Air Quality and Health and Welfare

2.10 Methodologies and State of the Art for Quantifying the Health Impacts of Air Pollution

2.10.1 Introduction
As discussed in earlier sections of this chapter, air pollution can have a wide range of impacts. These impacts can vary from ugly vistas and reduced visibility to impacts on natural systems and human economies to increased illness and death in the human population. The main point of most air quality management programs is to reduce or eliminate these negative impacts. However, the reduction or elimination of these impacts almost always requires modifications to human economies and the lifestyle of the human population. Thus, there is almost always some debate about the balance between air quality management efforts and the need to main the existing economy and lifestyle. Policy makers and air quality managers are often confronted with the need to make these types of evaluations in society. The science of estimating air quality impacts has evolved out of this process.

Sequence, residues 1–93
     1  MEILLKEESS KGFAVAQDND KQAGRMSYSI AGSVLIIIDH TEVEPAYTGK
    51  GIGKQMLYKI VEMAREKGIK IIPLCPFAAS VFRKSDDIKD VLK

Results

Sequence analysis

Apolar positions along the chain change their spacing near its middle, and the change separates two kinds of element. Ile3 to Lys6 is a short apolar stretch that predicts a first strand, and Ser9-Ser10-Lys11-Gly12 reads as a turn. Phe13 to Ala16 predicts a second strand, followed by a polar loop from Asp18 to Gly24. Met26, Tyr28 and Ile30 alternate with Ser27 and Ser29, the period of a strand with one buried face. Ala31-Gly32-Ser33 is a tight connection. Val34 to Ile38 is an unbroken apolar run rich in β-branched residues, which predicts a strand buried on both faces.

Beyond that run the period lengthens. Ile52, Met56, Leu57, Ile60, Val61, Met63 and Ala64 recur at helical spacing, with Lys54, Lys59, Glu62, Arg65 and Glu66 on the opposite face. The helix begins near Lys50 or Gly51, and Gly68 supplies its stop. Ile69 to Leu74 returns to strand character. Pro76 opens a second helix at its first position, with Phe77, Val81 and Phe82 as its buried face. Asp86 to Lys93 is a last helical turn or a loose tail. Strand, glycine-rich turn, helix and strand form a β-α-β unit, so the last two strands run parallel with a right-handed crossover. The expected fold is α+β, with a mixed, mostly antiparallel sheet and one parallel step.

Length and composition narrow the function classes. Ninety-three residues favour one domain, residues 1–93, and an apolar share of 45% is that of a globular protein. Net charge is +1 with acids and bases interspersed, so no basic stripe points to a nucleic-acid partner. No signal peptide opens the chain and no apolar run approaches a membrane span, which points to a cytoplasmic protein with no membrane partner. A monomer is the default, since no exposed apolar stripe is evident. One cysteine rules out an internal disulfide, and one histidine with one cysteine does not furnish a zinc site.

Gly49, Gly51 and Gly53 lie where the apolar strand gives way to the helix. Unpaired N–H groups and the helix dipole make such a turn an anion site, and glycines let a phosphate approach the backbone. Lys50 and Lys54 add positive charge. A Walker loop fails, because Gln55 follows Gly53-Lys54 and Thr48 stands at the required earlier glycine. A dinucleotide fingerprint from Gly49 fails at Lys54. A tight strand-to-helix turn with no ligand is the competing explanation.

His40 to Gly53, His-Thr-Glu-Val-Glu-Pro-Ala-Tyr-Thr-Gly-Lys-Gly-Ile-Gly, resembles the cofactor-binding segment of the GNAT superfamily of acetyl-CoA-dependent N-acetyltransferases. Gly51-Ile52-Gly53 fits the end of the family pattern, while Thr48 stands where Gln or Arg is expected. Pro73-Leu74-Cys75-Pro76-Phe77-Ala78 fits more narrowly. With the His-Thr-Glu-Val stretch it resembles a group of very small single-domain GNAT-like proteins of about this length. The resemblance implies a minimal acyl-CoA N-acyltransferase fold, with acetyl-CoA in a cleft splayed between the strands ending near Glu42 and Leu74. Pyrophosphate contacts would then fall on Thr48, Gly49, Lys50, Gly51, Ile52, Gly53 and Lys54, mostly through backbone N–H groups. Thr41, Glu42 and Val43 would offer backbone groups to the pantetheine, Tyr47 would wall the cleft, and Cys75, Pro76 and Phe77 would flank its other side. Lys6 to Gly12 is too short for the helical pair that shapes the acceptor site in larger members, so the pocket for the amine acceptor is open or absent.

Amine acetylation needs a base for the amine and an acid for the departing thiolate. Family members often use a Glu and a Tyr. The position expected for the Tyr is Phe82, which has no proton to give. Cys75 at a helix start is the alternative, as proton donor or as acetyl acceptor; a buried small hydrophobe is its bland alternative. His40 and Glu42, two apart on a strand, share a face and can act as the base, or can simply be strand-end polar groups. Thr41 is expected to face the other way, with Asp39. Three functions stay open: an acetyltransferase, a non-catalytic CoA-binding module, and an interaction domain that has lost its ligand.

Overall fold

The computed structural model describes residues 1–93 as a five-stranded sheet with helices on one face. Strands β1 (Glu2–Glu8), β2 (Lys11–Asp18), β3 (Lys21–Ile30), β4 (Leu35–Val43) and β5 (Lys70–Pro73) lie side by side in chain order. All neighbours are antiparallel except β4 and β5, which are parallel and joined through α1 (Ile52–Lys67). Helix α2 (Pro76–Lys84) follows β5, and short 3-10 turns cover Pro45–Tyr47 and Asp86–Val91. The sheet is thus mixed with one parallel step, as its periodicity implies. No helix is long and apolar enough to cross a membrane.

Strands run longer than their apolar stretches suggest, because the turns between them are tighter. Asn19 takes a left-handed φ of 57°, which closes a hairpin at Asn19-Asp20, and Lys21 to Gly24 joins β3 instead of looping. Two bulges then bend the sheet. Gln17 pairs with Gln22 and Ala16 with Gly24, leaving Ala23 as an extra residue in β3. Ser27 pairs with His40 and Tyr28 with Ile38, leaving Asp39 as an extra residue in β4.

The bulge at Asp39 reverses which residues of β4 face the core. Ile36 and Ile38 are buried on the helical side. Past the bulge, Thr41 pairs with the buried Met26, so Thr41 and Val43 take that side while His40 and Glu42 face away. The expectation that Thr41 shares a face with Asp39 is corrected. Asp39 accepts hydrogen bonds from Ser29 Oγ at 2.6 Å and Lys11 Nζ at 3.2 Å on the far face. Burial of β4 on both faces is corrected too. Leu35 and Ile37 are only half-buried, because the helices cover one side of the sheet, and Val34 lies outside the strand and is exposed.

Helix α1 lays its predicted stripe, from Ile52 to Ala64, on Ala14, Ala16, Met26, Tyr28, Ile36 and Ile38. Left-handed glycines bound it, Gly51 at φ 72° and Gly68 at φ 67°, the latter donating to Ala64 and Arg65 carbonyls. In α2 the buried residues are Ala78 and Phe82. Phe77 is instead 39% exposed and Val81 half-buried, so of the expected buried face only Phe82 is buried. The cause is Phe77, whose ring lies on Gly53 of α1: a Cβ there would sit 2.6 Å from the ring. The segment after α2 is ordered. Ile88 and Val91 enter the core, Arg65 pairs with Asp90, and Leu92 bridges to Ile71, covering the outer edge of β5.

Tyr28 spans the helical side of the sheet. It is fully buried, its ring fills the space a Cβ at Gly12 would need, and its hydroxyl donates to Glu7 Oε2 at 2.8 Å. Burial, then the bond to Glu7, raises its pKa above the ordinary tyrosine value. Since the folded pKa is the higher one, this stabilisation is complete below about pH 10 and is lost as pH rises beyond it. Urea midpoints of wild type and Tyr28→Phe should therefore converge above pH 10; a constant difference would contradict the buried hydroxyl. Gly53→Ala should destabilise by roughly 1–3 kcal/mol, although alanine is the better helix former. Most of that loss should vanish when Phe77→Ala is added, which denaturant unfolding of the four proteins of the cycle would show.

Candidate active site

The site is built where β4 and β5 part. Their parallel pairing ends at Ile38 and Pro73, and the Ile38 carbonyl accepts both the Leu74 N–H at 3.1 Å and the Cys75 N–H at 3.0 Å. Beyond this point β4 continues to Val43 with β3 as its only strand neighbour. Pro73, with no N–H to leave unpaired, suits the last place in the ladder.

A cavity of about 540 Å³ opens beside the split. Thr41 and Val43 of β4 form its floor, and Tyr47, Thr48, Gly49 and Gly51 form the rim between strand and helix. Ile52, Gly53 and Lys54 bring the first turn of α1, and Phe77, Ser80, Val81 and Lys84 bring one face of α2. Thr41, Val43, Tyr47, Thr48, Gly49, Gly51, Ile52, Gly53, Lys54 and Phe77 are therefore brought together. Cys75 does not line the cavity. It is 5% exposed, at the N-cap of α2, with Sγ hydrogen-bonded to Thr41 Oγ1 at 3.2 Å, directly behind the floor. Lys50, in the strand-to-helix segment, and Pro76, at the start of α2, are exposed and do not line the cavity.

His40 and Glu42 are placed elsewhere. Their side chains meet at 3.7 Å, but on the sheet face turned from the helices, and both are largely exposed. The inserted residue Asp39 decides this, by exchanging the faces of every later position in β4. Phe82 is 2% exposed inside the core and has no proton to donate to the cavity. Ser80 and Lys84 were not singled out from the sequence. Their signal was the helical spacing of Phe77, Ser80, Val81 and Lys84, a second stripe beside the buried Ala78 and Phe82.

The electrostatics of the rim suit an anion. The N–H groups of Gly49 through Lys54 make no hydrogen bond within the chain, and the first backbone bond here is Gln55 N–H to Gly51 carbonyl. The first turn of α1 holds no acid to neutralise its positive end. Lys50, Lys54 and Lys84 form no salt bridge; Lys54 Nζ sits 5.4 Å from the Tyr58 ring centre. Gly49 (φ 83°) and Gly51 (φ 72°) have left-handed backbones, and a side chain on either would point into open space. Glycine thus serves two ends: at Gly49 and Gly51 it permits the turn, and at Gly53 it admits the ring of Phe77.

In order to make comparisons between the different types of impacts, a common metric must be found for making these comparisons. For example, how is the loss of a job that is providing support for a family compared to reducing the illness of a child that is caused by air pollution. Or, how is the improvement in visibility in a region compared with the inability to by a new television. The feelings on these tradeoffs naturally vary with who is being impacted and the value systems that the impacted persons hold. Thus, there can be much debate on the issue.

The metric that is most often chosen to compare these widely varying issues is cost. All impacts to be debated are reduced to a cost basis and then compared with this common metric. This of course, unfortunately, requires that values be placed on vistas, wildlife, lifestyle, human health, and ultimately the worth of a human life. Economists and other scientists have carried out much research with respect to the evaluation of the variety of impacts due to environmental degradation, illness, loss of life, and impacts to the economy. It is this research that air quality managers must turn to when faced with the need to debate the tradeoffs between air quality improvement and changes in the economy.